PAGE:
33. P: { a, b, c, d } = { A, B, C, D } where A, B, C, D are the original values of a, b, c, d. % P if c > d then c, d := d, c fi; if b > d then b, d := d, b fi; if b > c then b, c := c, b fi; if a > d then a, d := d, a fi; if a > c then a, c := c, a fi; if a > b then a, b := b, a fi % P and a =< b =< c =< d How many steps have we looked at? 6 is much less than 64 ! The number of steps is linear in program size, the number of paths grows more or less exponentially! Know what you are doing!

34. P: { a, b, c, d } = { A, B, C, D } where A, B, C, D are the original values of a, b, c, d. % P if c > d then c, d := d, c fi; if b > d then b, d := d, b fi; if b > c then b, c := c, b fi; if a > d then a, d := d, a fi; if a > c then a, c := c, a fi; if a > b then a, b := b, a fi % P and a =< b =< c =< d How many steps have we looked at? 6 is much less than 64 ! The number of steps is linear in program size, the number of paths grows more or less exponentially! So "operational’’ thinking is no good! Know what you are doing!

35. P: { a, b, c, d } = { A, B, C, D } where A, B, C, D are the original values of a, b, c, d. % P if c > d then c, d := d, c fi; if b > d then b, d := d, b fi; if b > c then b, c := c, b fi; if a > d then a, d := d, a fi; if a > c then a, c := c, a fi; if a > b then a, b := b, a fi % P and a =< b =< c =< d How many steps have we looked at? 6 is much less than 54 ! The number of steps is linear in program size, the number of paths grows more or less exponentially! Worse if we have loops! Know what you are doing!

36. Yes, but how do we reason about loops? Know what you are doing!

37. Consider the following problem: • An urn contains B black balls and W white balls. • As long as the urn contains at least two balls, we perform the following procedure: Know what you are doing!

38. Consider the following problem: • An urn contains B black balls and W white balls. • As long as the urn contains at least two balls, we perform the following procedure: • we take out two balls; Know what you are doing!

39. Consider the following problem: • An urn contains B black balls and W white balls. • As long as the urn contains at least two balls, we perform the following procedure: • we take out two balls; • if both are black or both are white, we throw them out; Know what you are doing!

40. Consider the following problem: • An urn contains B black balls and W white balls. • As long as the urn contains at least two balls, we perform the following procedure: • we take out two balls; • if both are black or both are white, we throw them out; • if one is black and one is white, we throw out the white one and return the black one to the urn. Know what you are doing!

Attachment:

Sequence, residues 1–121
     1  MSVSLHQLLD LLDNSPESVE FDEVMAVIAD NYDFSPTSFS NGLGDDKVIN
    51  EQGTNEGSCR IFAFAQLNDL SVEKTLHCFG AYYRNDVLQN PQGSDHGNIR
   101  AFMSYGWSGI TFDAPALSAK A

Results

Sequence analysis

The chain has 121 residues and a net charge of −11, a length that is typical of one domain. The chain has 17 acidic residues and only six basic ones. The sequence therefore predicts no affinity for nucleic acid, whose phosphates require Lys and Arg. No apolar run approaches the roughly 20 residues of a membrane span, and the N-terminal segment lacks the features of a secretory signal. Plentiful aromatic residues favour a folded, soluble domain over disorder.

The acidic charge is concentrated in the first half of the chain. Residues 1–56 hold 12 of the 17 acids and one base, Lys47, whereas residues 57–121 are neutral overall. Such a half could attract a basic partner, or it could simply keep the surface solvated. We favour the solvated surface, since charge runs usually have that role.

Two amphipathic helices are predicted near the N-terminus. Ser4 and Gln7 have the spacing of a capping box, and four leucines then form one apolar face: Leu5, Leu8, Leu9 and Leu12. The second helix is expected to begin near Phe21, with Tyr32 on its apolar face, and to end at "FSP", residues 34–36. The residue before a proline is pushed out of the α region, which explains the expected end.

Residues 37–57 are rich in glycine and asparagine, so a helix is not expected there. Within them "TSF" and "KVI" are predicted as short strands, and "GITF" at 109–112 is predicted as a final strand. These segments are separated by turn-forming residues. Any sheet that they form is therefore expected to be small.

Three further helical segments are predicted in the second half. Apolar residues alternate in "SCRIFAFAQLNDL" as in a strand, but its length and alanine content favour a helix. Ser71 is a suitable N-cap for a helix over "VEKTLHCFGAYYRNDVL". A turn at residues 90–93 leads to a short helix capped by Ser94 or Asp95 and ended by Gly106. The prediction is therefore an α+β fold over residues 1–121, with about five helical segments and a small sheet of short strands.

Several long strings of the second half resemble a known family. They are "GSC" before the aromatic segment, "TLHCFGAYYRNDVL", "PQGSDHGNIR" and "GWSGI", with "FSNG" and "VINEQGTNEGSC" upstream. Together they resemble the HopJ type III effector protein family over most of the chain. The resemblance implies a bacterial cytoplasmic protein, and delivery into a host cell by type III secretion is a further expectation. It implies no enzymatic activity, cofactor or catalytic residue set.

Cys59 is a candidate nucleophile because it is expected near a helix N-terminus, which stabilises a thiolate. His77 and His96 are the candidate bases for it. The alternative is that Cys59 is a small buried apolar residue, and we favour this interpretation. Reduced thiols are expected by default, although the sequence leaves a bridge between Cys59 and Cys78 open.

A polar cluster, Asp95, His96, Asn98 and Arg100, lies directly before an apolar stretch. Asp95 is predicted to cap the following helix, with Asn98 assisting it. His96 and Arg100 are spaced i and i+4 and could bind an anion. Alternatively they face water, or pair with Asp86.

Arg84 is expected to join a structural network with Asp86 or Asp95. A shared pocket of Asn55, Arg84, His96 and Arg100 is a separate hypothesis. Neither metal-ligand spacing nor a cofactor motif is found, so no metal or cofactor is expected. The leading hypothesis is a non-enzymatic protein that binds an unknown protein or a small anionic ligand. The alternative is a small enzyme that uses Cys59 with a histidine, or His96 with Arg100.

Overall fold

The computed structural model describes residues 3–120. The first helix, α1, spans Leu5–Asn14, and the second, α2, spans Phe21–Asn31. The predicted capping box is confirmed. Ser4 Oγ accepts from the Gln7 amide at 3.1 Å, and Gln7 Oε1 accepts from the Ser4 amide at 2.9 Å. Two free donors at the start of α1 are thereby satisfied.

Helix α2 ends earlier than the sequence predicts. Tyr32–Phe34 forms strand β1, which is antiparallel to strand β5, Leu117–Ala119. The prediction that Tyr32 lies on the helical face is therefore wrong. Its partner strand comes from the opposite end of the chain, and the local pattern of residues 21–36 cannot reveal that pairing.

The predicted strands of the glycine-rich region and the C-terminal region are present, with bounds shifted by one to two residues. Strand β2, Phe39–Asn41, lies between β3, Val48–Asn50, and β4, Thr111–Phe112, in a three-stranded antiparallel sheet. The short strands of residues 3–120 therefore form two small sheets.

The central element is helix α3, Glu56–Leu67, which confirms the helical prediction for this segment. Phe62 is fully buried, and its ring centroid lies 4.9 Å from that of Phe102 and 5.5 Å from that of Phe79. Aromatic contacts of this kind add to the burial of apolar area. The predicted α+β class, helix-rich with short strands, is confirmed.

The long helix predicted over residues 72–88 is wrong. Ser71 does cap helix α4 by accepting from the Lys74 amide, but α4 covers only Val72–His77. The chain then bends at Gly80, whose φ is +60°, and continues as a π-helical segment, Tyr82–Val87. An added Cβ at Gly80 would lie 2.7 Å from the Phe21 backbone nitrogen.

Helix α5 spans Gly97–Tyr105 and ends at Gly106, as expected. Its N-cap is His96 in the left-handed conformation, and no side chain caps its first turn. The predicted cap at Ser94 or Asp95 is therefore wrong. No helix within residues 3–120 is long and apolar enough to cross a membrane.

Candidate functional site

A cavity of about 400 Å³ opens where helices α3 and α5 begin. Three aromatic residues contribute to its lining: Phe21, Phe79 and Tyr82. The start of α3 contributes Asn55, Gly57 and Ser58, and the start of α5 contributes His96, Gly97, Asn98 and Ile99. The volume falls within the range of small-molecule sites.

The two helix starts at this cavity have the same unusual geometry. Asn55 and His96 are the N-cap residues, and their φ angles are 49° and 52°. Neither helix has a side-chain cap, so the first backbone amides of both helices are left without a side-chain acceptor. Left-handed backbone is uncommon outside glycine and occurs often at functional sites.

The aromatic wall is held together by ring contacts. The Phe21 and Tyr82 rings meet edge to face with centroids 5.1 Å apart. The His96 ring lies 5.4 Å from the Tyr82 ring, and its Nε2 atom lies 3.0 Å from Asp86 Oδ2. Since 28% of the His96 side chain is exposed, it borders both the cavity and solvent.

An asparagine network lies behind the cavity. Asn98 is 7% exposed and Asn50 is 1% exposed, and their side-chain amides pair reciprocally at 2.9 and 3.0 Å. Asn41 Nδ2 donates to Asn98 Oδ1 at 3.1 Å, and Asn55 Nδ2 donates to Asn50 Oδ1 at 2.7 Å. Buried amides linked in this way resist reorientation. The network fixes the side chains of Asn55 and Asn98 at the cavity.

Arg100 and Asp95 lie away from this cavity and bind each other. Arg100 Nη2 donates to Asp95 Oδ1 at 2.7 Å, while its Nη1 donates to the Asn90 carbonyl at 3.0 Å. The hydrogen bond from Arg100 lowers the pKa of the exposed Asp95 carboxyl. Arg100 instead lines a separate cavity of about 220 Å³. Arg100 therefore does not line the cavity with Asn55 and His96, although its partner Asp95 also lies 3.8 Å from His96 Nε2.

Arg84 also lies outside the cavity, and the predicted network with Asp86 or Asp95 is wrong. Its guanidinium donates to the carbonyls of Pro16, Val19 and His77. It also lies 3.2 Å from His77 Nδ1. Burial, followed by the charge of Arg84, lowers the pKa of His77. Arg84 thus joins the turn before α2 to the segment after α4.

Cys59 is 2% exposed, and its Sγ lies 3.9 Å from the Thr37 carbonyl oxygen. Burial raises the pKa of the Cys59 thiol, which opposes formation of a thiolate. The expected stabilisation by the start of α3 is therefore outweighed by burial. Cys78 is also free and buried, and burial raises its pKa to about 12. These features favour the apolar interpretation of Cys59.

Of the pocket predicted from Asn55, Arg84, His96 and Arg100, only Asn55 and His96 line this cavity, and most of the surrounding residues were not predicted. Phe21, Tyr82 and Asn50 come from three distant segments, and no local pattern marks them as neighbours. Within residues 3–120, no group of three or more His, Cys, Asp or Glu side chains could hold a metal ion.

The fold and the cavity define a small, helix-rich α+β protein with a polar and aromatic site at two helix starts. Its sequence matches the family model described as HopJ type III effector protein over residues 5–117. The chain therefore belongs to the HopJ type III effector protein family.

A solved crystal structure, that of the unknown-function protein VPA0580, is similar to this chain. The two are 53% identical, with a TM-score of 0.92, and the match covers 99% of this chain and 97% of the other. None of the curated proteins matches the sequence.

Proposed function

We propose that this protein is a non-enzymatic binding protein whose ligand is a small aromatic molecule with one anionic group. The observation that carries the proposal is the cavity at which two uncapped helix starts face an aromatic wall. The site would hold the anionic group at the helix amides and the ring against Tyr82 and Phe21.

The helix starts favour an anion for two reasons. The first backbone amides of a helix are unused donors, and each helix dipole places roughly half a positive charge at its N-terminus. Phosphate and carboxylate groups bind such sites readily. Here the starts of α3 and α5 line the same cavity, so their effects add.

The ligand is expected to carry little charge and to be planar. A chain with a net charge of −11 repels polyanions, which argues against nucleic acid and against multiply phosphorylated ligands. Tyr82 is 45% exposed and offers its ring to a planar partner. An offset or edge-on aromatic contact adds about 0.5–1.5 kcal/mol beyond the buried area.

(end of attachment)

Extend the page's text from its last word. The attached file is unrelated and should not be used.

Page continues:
41. Consider the following problem: • An urn contains B black balls and W white balls. • As long as the urn contains at least two balls, we perform the following procedure: • we take out two balls; • if both are black or both are white, we throw them out; • if one is black and one is white, we throw out the white one and return the black one to the urn. • Will this terminate? Know what you are doing!

42. Consider the following problem: • An urn contains B black balls and W white balls. • As long as the urn contains at least two balls, we perform the following procedure: • we take out two balls; • if both are black or both are white, we throw them out; • if one is black and one is white, we throw out the white one and return the black one to the urn. • How does the final state of the urn depend on BandW ? Know what you are doing!

43. How do we reason about loops? Know what you are doing!

44. How do we reason about loops? Well, let’s look at what we can do with assertions... Know what you are doing!

45. while B do S od Here are a few possible execution traces, with some assertions: Trace 1Trace 2 Trace 3 % P1 % P2 % P3 S S % Q1 % Q2 S % R1 S % S1 Know what you are doing!

46. while B do S od Here are a few possible execution traces, with some assertions: Trace 1Trace 2 Trace 3 % P1 % P2 % P3 S S % Q1 % Q2 S % R1 S % S1 Now, since we don’t know the number of iterations, assertion Q1 had better be the same as R1. Know what you are doing!

47. while B do S od Here are a few possible execution traces, with some assertions: Trace 1Trace 2 Trace 3 % P1 % P2 % P3 S S % Q1 % Q2 S % R1 S % S1 Now, since we don’t know the number of iterations, assertion Q1 had better be the same as R1. In other words, if Q1 is correct before we execute S, it must be correct after. And so we have… Know what you are doing!

48. while B do S od Here are a few possible execution traces, with some assertions: Trace 1Trace 2 Trace 3 % P1 % P2 % P3 S S % Q1 % Q2 S % Q1 S % S1 Now, since we don’t know the number of iterations, assertion Q1 had better be the same as R1. In other words, if Q1 is correct before we execute S, it must be correct after. And so we have… Know what you are doing!

49. while B do S od Here are a few possible execution traces, with some assertions: Trace 1Trace 2 Trace 3 % P1 % P2 % P3 S S % Q1 % Q2 S % Q1 S % S1 Now, since we don’t know the number of iterations, assertion Q1 had better be the same as R1. In other words, if Q1 is correct before we execute S, it must be correct after. Q1 must also hold after the loop terminates, but additionally we will have not B. Know what you are doing!

50. while B do S od Here are a few possible execution traces, with some assertions: Trace 1Trace 2 Trace 3 % P1 % P2 % P3 S S % Q1 % Q2 S % Q1 S % Q1 and not B Now, since we don’t know the number of iterations, assertion Q1 had better be the same as R1. In other words, if Q1 is correct before we execute S, it must be correct after. Q1 must also hold after the loop terminates, but additionally we will have not B. Know what you are doing!